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The Skyscraper Index Strikes Again

"Building booms are a sign of excess credit," said Andrew Lawrence, director of property research at Barclays Capital in Hong Kong, which released a study noting that "the mania for skyscrapers over the last 140 years is a sure indicator of an imminent crash" and that "China could be the next country to go bust" — China’s Skyscraper Craze May Herald Economic Crash.

"Lawrence said that historically, skyscraper construction had been characterised by bursts of sporadic, but intense activity that coincided with easy credit, rising land prices and excessive optimism, but often by the time the buildings were finished, the economy had slipped into recession."

Austrian Business Cycle Theory, anyone? Mark Thornton of the Ludwig von Mises Institute explains — Skyscrapers and Business Cycles.

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Friday, January 13, 2012

"Here and Heaven" and "No One But You" Performed by Yo-Yo Ma, Stuart Duncan, Edgar Meyer, Chris Thile, and Aoife O'Donovan

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Yo-Yo Ma, Stuart Duncan, Edgar Meyer, Chris Thile, and Aoife O'Donovan Perform and Discuss "The Goat Rodeo Sessions"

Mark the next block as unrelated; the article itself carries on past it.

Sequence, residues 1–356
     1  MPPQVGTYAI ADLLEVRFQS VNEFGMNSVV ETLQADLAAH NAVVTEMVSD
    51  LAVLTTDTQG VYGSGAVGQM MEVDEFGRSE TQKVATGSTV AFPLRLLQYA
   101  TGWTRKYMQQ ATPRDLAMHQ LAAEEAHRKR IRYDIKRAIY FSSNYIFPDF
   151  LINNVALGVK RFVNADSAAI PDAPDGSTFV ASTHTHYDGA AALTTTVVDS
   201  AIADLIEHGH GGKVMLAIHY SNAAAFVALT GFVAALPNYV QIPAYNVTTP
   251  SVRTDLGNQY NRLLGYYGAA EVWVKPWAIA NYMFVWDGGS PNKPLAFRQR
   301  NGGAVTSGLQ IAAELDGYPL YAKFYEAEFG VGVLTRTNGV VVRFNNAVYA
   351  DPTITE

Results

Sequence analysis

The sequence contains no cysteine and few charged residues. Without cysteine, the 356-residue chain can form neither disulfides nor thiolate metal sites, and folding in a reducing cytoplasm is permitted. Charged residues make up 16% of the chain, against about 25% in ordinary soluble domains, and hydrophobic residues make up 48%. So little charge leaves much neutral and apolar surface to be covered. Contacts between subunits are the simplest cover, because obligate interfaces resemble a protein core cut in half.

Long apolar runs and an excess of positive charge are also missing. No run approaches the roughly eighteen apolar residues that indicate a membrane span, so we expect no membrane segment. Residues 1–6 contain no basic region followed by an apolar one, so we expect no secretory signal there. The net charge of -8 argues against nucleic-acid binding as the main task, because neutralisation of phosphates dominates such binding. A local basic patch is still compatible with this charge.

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"A Half Step Away From a Cellar-full of Canned Goods and 9 mm. Rounds"

American financial theorist William J. Bernstein, speaking of Congressman Ron Paul's investment portfolio, "ha[s] never seen such an extreme bet on economic catastrophe," quoted here by Patrick J. Buchanan, who says "Paul's investments mirror his belief that the empire of debt is coming down and Western governments will never repay – in dollars of the same value – what they have borrowed" — The True Believer. The details:
    Twenty-one percent of his $2.4 to $5.5 million was in real estate, 14 percent in cash. He owns no bonds. Only 0.1 percent is invested in stocks, and Paul bought these "short," betting the price will plunge. Every other nickel is sunk into gold and silver mining companies.

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Korczak Ziolkowski and Crazy Horse


The John Birch Society's Sam Antonio on the "great believer in private enterprise and individual initiative" behind what "will be the largest mountain carving in the world" — Crazy Horse Memorial: A Tale of Two Stories Told in Stone. An excerpt: